The , aka EU Regulation 2016/679, unifies data protection for all residents of the European Union (EU) as of May 25, 2018. Additionally, GDPR also addresses the export and processing of personal data outside the EU, which is where cloud users are getting concerned around compliance.
So, what do you do to comply? The spirit of regulation is to protect the privacy of EU residents. While many people believe that this means their data must be kept in the EU country where the person resides, that fact of the matter is that the data can be stored anywhere in the world—as long as its collection and use comply with GDPR regulations.
If you’re looking to do business with EU residents, there are a few basic rules to follow. To support those rules, GDPR defines several roles, including data controller, data processor, and data protection officer (DPO):
- The data controller defines how personally identifiable information (PII) is processed and for what purpose. Again, this can take place inside or outside the EU, as long as the regulations are followed.
- Data processors maintain and process personal data records. GDPR holds processor liable for breaches. This is important when considering the use of cloud-based platforms, because it’s possible that both your company and cloud providers will be held liable for noncompliance. Even if an outsourced processor actually violated the regulations, both you and the cloud provider could be in trouble. Basically, you can be liable for the actions or inactions of the provider you hired.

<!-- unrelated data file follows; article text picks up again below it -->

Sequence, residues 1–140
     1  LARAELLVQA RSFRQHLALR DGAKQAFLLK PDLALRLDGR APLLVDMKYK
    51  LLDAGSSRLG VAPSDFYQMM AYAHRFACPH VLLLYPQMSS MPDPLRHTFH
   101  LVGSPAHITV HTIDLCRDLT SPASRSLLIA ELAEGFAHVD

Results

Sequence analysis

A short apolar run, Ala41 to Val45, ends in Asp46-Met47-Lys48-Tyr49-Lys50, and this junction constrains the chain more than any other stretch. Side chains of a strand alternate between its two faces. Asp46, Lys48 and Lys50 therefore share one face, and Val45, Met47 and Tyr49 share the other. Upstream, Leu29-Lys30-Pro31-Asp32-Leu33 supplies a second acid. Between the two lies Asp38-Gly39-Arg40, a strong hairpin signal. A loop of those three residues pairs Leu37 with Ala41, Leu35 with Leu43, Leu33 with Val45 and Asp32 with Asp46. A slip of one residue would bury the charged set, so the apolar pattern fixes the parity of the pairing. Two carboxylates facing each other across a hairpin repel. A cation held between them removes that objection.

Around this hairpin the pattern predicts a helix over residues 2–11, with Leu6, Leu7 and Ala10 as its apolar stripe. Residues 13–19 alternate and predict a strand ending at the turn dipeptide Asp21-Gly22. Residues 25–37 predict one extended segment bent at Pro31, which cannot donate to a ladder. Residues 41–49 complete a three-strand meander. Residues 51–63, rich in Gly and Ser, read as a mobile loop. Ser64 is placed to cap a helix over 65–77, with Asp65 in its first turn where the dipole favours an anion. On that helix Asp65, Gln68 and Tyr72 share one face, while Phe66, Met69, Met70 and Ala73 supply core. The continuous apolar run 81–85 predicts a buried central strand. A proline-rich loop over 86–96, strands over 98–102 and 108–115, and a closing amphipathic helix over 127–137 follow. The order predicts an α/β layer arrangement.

- The DPO is a mandated role for any company storing and processing EU residents’ data. It’s the designated person to educate the company, ensure GDPR compliance, and be the contact point for regulators if there are concerns or violations.
If you do business with EU residents, which most Global 2000 companies do, you must understand these new regulations now. Indeed, if you’ve not started the process of retooling and reorganizing for GDPR, it’s perhaps too late.
As part of that effort, be sure to update the SLAs to include terms around compliance with GDPR. Again, both you and the cloud provider carry some risk here, and each can hurt the other if basic GDPR rules and processes are not followed.
I also suggest that you run internal compliance audits at least twice a year to better understand your ability to comply with GDPR. If you run afoul of these regulations, there are stiff financial penalties, whether you are based in the EU or not.
The cost of compliance could keep some smaller companies unable to serve EU residents—and they should be certain that they don’t do so. Everyone else needs to make sure that not only they but their providers are following the GDPR rules.